Oloff LML, and Schulhofer SDS: Sesamoid complex disorders. Clin Podiatr Med Surg 1996; 13: pp. 497-513.
Rodeo SA, Warren RF, O’Brien SJ, et al: Diastasis of bipartite sesamoids of the first metatarsophalangeal joint. Foot Ankle 1993; 14: pp. 425-434.
Karasick DD, and Schweitzer MEM: Disorders of the hallux sesamoid complex: MR features. Skeletal Radiol 1998; 27: pp. 411-418.
Coughlin MJ: Sesamoid pain: causes and treatment, Instr Course Lect 39:23–35, 1990.
Abraham M, Sage R, Lorenz M: Tibial and fibular sesamoid fractures on the same metatarsal: a review of two cases, J Foot Surg 28:308–311, 1989.
Helal B: The great toe sesamoid bone: the lus or lost souls of Ushaia, Clin Orthop Relat Res 157:82–87, 1981.
Inge GAL, Ferguson AB: Surgery of the sesamoid bones of the great toe, Arch Surg 27:466–488, 1933.
Jahss M: Traumatic dislocations of the first metatarsophalangeal joint, Foot Ankle 1:15–20, 1980.
Lee S, James WC, Cohen BE, Davis WH, Anderson RB: Evaluation of hallux alignment and functional outcome after isolated tibial sesamoidectomy, Foot Ankle Int 26:803–809, 2005.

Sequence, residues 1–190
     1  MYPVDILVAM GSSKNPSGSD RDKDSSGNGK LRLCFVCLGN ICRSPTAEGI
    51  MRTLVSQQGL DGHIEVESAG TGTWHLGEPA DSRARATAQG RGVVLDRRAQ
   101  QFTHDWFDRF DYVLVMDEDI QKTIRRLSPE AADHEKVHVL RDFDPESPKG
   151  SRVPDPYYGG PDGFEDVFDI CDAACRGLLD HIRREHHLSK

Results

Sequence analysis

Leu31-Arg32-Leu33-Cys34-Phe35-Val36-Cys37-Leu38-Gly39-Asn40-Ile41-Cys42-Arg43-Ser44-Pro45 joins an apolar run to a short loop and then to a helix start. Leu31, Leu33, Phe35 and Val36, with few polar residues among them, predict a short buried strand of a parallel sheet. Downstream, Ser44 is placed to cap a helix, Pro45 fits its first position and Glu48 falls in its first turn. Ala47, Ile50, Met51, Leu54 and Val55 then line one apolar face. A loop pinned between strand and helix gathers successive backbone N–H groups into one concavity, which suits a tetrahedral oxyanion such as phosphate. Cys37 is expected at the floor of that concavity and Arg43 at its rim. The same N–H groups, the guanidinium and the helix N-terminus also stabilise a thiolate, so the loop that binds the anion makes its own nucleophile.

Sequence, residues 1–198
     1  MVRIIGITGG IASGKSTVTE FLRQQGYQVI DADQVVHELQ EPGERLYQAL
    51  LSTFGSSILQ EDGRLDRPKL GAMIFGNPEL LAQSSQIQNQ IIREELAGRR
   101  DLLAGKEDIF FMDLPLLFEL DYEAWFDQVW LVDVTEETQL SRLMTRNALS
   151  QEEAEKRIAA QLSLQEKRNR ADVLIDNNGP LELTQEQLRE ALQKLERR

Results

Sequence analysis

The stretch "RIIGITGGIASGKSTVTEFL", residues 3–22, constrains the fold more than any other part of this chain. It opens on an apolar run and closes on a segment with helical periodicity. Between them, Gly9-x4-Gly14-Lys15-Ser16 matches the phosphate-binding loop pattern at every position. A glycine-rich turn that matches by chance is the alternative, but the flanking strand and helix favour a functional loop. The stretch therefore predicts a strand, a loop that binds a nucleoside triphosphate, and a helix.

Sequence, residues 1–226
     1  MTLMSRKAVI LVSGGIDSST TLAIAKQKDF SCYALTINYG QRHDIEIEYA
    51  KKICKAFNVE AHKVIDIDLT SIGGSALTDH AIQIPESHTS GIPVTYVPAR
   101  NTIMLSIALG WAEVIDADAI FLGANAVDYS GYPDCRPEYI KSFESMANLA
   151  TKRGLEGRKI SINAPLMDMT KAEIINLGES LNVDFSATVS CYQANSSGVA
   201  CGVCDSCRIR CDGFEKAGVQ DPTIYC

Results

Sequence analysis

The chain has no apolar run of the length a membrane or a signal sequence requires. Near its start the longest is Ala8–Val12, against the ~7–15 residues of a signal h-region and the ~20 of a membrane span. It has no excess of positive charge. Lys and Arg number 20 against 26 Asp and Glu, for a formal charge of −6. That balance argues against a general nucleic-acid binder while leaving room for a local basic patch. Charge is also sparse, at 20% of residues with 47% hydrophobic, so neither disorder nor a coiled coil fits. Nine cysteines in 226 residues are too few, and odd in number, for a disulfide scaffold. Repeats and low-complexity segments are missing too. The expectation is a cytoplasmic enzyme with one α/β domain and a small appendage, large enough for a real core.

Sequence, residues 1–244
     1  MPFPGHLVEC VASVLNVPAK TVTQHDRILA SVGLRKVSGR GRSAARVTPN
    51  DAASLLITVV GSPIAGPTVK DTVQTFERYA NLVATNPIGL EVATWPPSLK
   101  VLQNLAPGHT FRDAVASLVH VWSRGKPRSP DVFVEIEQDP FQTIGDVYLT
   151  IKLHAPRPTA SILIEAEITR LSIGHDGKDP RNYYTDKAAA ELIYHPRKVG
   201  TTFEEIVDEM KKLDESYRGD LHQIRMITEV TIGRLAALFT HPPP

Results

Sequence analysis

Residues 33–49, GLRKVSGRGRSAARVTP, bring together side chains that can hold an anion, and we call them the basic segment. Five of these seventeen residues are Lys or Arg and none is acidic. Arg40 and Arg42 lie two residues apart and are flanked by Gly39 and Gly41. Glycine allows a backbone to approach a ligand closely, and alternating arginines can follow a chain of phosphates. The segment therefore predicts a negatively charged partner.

Mann RA, Coughlin MJ: Hallux valgus—etiology, anatomy, treatment, and surgical considerations, Clin Orthop Relat Res 151:31–41, 1981.
Mann RA, Wapner K: Tibial sesamoid shaving for treatment of intractable plantar keratosis, Foot Ankle 13:196–198, 1992.
Van Hal ME, Keene JS, Lange TA, et al: Stress fractures of the great toe sesamoids, Am J Sports Med 10:122–128, 1982.
Nayfa TM, Sorto LA: The incidence of hallux abductus following tibial sesamoidectomy, J Am Podiatr Assoc 72:617–620, 1982.
Brodsky J, Krause J, Robinson A, Watkins D: Hallux sesamoidectomy for painful chronic fracture: histological and radiographic characteristics and clinical outcome. 29th Annual Meeting of the American Orthopaedic Foot and Ankle Society, Anaheim, Calif, February 7, 1999.
Last Updated: June 23, 2018